And yes, some of the members of both sides of the debate will not be moved from the idea that their fear is more justified, no matter what evidence is presented to them, and in what tone. But leadership is acknowledging that you don’t have to engage those people in the solution: you have to engage most people.

There will be no solutions until there is a recognition that everyone engaged in this debate has something in common: a justified fear. One side’s goal isn’t to take guns away, it’s to remove the fear of the senseless murder of too many Americans. The other side’s goal isn’t to make America more dangerous, it’s to ensure there are checks in place to make sure its liberty and democracy aren’t destroyed entirely.

Leadership isn’t mobilizing one side against another. Leadership is recognizing that people have a right to be scared. That their fears are justified. That people at every point on the idealogical spectrum when it comes to gun violence are justified in their fear.

Gun violence exists in our society, which leads to a fear of gun violence, which leads to demands for easy accessibility to guns, which leads to huge amounts of guns being produced, which leads to Americans being shot by other Americans. The cycle has embedded itself. It’s unimportant when and how it started to spin, but it’s here now, and it’s killing people. It’s killing kids.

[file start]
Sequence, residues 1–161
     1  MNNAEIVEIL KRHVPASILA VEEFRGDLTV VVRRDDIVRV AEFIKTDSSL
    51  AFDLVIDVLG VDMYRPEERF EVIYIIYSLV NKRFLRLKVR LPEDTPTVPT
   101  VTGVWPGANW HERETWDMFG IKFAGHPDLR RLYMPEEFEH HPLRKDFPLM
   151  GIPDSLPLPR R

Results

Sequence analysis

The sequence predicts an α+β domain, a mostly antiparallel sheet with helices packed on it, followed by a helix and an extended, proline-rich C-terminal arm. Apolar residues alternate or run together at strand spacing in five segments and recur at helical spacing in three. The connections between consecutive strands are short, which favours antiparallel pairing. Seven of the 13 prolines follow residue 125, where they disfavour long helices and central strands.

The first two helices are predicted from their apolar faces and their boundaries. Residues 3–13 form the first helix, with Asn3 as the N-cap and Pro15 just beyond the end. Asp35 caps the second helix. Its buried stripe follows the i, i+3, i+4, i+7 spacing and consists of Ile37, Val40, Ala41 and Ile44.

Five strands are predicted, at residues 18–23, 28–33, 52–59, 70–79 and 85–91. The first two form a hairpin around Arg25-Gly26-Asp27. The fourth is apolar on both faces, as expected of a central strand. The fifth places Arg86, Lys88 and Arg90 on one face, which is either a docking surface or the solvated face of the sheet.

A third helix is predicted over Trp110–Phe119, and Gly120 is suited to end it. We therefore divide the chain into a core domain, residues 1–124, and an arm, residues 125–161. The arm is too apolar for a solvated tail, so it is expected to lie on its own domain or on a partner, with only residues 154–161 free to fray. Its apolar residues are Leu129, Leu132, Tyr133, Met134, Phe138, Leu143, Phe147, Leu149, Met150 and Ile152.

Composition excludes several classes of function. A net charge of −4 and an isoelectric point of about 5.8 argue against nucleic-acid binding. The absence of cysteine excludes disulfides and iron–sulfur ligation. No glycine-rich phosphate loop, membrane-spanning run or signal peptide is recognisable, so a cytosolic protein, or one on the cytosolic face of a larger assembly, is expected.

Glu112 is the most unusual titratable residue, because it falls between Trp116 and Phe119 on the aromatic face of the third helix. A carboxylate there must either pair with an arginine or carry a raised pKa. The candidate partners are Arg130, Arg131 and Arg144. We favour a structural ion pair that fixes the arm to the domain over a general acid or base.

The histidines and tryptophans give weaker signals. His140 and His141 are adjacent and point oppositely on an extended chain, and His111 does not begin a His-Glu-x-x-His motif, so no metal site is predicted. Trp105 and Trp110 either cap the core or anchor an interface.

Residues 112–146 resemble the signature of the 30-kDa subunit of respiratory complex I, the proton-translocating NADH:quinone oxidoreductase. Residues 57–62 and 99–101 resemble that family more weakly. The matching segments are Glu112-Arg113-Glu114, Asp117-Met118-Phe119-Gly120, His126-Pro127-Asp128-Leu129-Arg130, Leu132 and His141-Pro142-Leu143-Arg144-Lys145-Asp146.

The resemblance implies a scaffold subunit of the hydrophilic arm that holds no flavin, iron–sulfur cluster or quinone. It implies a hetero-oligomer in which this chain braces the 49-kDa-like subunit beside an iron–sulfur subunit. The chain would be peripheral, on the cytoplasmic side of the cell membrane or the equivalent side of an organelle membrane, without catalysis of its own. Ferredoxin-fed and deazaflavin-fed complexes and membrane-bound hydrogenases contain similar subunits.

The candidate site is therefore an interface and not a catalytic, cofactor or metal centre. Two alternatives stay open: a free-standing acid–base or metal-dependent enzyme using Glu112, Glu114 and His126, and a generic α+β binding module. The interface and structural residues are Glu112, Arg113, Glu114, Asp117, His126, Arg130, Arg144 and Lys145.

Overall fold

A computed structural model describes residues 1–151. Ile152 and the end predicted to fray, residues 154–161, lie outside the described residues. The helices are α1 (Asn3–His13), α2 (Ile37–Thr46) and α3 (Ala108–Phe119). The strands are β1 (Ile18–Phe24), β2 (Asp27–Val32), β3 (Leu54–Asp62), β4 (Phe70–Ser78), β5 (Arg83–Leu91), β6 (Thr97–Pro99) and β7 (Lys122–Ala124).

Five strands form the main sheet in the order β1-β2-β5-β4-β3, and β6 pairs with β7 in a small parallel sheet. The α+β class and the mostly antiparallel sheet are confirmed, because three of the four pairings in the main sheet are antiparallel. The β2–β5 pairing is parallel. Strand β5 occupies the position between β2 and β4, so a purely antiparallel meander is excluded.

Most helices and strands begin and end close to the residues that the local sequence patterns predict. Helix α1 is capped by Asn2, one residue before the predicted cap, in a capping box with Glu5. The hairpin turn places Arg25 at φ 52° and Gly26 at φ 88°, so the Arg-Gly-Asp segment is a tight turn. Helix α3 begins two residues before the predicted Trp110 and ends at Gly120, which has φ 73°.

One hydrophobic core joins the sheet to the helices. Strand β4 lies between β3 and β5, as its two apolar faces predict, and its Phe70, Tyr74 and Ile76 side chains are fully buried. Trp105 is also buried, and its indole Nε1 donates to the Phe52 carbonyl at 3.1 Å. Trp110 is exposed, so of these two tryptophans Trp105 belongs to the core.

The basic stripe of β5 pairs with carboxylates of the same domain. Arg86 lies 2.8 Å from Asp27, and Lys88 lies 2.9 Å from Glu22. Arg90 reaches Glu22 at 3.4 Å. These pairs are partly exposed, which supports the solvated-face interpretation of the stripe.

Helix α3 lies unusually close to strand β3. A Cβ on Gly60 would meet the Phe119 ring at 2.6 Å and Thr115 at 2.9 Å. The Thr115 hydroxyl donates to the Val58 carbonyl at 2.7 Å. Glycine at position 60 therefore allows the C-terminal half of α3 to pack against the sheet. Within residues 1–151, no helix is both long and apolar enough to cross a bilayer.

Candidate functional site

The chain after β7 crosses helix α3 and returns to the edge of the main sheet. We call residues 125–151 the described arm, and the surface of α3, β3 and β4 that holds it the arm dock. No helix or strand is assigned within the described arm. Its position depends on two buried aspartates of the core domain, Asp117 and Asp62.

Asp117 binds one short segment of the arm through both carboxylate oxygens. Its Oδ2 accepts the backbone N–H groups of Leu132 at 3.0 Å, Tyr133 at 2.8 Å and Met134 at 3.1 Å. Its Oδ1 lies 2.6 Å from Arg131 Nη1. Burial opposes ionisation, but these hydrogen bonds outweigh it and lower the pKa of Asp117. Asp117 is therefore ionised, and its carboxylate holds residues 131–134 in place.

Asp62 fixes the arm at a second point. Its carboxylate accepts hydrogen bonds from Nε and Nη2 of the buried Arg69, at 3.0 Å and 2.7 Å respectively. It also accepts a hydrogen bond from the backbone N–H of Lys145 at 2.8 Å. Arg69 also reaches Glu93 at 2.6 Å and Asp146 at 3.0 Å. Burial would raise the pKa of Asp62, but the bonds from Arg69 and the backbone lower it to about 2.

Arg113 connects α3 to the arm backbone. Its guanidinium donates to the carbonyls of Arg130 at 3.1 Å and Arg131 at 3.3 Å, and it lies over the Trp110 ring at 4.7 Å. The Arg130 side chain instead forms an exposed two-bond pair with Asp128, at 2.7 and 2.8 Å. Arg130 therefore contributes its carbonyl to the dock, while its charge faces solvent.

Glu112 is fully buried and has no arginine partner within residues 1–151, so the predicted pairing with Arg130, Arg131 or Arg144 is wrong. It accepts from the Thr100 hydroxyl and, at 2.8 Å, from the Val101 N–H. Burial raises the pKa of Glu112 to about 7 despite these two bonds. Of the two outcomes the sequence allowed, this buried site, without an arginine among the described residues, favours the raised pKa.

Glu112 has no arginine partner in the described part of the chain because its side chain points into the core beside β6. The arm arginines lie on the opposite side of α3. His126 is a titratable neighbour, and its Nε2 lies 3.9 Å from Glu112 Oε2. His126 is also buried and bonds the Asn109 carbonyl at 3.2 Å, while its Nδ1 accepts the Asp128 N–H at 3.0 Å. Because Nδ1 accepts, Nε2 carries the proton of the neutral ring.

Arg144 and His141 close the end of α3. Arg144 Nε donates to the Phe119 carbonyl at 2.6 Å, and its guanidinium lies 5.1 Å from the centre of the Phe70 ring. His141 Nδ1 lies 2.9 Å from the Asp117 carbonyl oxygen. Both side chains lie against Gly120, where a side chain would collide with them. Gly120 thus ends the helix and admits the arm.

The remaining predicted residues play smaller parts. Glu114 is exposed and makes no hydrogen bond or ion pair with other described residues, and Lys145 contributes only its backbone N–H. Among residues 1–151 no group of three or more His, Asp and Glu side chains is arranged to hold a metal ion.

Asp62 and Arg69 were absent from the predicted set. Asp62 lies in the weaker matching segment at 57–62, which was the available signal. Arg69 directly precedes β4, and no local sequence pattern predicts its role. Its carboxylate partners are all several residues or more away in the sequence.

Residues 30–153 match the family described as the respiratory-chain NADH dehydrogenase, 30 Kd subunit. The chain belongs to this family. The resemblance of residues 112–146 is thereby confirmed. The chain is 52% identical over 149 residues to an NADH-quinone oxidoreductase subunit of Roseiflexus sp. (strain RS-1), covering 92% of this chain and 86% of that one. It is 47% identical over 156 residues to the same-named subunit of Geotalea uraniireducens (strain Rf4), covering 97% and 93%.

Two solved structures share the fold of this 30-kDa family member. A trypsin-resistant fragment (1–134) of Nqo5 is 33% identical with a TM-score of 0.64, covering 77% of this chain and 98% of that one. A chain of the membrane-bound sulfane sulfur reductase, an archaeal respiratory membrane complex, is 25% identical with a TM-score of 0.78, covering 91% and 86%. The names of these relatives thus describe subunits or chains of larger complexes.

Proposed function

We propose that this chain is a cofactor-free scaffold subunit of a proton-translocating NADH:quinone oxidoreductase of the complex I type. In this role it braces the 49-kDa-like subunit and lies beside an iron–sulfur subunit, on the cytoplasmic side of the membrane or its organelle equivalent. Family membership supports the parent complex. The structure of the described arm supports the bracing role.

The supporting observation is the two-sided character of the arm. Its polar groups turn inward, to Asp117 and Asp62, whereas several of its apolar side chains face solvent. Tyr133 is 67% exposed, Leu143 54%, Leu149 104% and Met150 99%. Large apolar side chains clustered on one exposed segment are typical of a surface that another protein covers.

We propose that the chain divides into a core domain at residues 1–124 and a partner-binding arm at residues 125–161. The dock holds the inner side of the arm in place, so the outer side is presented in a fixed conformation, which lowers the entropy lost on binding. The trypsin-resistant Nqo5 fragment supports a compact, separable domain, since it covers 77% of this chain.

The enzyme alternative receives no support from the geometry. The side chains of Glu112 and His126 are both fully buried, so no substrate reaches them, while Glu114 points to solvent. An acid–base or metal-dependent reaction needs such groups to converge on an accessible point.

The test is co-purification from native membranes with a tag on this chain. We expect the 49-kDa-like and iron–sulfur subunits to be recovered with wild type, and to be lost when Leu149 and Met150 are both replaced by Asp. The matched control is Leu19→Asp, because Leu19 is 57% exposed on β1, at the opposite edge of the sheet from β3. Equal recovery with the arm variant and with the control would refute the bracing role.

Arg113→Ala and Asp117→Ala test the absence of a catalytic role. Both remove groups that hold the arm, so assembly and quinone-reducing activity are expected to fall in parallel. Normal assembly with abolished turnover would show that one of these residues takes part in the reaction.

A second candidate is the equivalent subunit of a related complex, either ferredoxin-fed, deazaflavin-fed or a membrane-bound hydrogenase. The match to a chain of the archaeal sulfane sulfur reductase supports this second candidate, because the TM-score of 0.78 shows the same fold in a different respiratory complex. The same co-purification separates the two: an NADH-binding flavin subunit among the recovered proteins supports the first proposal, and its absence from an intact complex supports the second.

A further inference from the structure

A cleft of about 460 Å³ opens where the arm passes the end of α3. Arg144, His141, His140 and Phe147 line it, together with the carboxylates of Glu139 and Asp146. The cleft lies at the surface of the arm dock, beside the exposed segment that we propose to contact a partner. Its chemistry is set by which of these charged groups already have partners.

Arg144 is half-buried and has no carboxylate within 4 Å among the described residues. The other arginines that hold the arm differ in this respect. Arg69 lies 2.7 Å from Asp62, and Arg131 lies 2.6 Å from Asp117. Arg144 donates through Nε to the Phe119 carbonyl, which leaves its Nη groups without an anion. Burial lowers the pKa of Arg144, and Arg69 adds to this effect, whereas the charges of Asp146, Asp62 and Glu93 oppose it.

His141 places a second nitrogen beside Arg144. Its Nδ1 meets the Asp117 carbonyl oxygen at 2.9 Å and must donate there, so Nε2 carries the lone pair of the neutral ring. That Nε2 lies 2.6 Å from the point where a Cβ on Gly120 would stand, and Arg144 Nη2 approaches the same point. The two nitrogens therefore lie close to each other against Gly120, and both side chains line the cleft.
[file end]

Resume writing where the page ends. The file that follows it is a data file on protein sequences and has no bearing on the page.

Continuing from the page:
Huge differences in opinion exist over which part of the cycle to address most urgently, but the foundational fear is the same.

Leadership is starting with the focus on the common enemy, not on your differences in how to fight it.

This article isn’t to make an argument that falls anywhere on the spectrum of positions when it comes to dealing with gun violence in the United States. But in watching the debate unfold once again, I once again recognized it’s representative of a leadership failure common throughout society.

This failure plays out on a much smaller and less serious scale in organizations, individual departments, families, and even romantic relationships. We battle over behaviours instead of striving to understand and address the fears that drive them. Leaders don’t need “their way” to get what they want, they need “a way” to be less afraid of what they might lose. Leadership is helping themselves and others get clarity on that fact, so the right issues can be addressed.

So let’s stop pointing guns at once another: literal, intellectual, and moral. Let’s stop trying to win and start trying to succeed.



Drew Dudley
Drew Dudley

Founder & Chief Catalyst of Day One Leadership. West Wing junkie. Collector of penguins. Did that TED talk on lollipops.